The National Women's Hockey League continues its offseason with numerous player signings, its first international draft and several front office moves. In case you've missed anything over the last few weeks, let's take a look at what's happened in the league.
Former professional hockey player Julie Chu has many titles. She is a Patty Kazmaier Award winner; the second-most decorated U.S. woman in Olympic Winter Games history; and a four-time Olympic medalist. She's also a two-time Clarkson Cup winner, a CWHL All-Star, and a five-time IIHF World Championships gold medalist.
In November 2017, Chu added a new title: parent. She and fellow former pro hockey player Caroline Ouellette welcomed their first child, Liv, that year, just a few short months after Caroline's playing career ended with a Clarkson Cup win with Les Canadiennes de Montréal. Their growing family expanded earlier this year as they welcomed their second child, Tessa, in May.
It's a title that Chu is clearly thrilled to have - even if it may be challenging at times.
"We're just adding more love into our family atmosphere," she said. "Yes, it's chaotic at times, and as parents, sometimes we feel like we're losing, and that's just the truth. It's like the kids are winning and we're losing - but then things just settle."
"Being able to share our love with our kids and see that love being reciprocated, and then just watching them grow and develop daily," she added. "That's been really fun. Seeing our daughters grow up as individuals but then also how they interact together."
A Good Example
Chu and Ouellette both work for Concordia University's women's hockey team. With Chu currently on maternity leave, Ouellette has taken over her spot as head coach. Although the team isn't playing right now due to the COVID-19 pandemic, it's a perfect fit with the Stingers and the Chu-Ouellette family, and Concordia has been incredibly accommodating and supportive of their family.
"We have enough flexibility in our coaching careers to be able to pass on what we need to, but then also have the balance of being able to work from home if we need to as well," Chu said. "In a lot of ways, it wasn't that tough of a transition. We still were able to follow a lot of similar things, but now when we've got game days, it got a little bit busier."
"I'm very fortunate that at Concordia, in the work environment I'm in, I have a really great and supportive athletic director that understands the family atmosphere and understands I'm going to probably bring my daughter to the rink," she added. "If we have a home game, she's going to be around us. We're still going to prepare and do everything that we need to, and then once the game starts, we'll pass her off."
"Having my daughter around our team was really important and special to myself and to Caroline, but we found that our players really loved it also," she said. "I think it was a good example for them that they can find the balance of being able to have a career and having a family and make it work. Once in a while it's a little bit chaotic, but it is possible to have both of them and excel at both of them."
Chu has found that part of balancing her coaching career with parenthood is simply being honest with her players about the realities of it all.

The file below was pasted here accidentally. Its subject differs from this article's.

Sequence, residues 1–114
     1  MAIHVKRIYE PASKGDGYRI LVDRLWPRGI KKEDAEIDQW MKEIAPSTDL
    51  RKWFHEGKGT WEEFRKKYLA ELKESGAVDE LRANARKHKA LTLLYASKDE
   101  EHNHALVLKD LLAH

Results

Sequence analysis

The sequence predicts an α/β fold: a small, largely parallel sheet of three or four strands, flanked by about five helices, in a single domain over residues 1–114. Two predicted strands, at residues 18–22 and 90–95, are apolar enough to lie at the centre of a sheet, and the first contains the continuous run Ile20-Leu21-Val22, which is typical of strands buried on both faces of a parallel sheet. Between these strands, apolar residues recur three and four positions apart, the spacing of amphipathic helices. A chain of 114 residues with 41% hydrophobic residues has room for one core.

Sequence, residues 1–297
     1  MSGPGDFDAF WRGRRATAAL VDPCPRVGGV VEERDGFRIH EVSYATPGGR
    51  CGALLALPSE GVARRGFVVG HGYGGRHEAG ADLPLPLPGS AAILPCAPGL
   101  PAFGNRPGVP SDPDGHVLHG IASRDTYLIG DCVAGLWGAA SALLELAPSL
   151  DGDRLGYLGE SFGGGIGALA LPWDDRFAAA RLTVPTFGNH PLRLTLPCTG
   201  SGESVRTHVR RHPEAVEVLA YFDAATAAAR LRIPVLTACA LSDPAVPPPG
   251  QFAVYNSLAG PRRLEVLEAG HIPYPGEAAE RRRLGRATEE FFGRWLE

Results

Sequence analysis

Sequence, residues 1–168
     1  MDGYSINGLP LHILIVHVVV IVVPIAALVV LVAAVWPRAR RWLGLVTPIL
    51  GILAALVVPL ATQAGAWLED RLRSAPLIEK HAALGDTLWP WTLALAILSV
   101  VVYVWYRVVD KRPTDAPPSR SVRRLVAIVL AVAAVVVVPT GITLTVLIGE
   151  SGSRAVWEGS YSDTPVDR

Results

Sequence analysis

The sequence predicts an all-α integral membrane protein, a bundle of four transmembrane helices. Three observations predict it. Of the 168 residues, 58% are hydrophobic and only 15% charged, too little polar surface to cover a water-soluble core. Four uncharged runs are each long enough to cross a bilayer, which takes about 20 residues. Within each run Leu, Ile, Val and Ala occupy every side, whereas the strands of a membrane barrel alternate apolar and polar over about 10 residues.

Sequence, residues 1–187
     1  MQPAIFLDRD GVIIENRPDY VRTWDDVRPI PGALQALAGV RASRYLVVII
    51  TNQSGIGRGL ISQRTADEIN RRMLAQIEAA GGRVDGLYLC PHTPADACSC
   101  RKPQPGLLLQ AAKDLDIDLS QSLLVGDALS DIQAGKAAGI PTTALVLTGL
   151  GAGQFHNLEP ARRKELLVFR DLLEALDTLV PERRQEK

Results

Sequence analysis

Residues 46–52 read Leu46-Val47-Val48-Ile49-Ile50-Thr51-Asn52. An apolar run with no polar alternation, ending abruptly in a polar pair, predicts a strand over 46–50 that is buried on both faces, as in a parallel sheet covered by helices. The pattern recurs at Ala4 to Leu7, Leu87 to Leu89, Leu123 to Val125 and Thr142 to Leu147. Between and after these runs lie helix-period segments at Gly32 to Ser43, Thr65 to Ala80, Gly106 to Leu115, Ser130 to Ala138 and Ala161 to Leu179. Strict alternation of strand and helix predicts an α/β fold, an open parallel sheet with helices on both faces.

"We're not afraid to tell our players if it was an overwhelming day, or if I'm late," she said. "We typically have a video session at 7:40 AM, so it's already early for everyone, but some mornings it's just harder... the kids don't cooperate, or at the time, it was just Liv to get her out the door and to the daycare. I don't like being late; I want to make sure I'm on time, but I came in a couple minutes late one day and I go, guys, I'm really sorry, I apologize. The kids were grinning and they all kind of giggled."
Chu said she and Ouellette feel blessed to be able to find a balance between parenthood and having careers in hockey, and being able to pass on wise words and be role models for their players is an important part of what they do.
"We talk to them often to say, you know, it's not always easy, but we love it," she said. "Hopefully you guys know that if you want to have kids – we don't assume everyone wants to, and that's okay too. But if you want to, you can make it work. You can have the career and the path that you want, and be able to do what you love and love your family."
"It's an incredible experience," Chu said. "You're going to be able to balance having a career in the same way that they've learned how to be excellent student-athletes, and oftentimes having a job on top of that. I think we can be role models in a lot of ways. We can tell how to be and give advice, but I think being role models and them seeing great examples of strong women and men that are able to be fully committed parents and have careers as well, and knowing that you don't have to choose one or the other, but you can do both. We're blessed that we've been able to do that."
In the same sense, it's not just about Chu being a role model for her players; those same players are also serving as role models for Liv and Tessa, too.
"I turned to all of them and said, do you guys realize that you're going to have a huge influence on my daughter? You guys are her role models and you're going to help shape her into who she is," Chu said. "And I couldn't be prouder to have her around you."
"I think when our players heard that, I already knew the influence they have on others and their ability as older athletes to give back to the community, go to schools, teach younger players how to play hockey," she added. "But I think it hit home for them to know how much we believed that they were going to be great influences and that we want our children to be around them."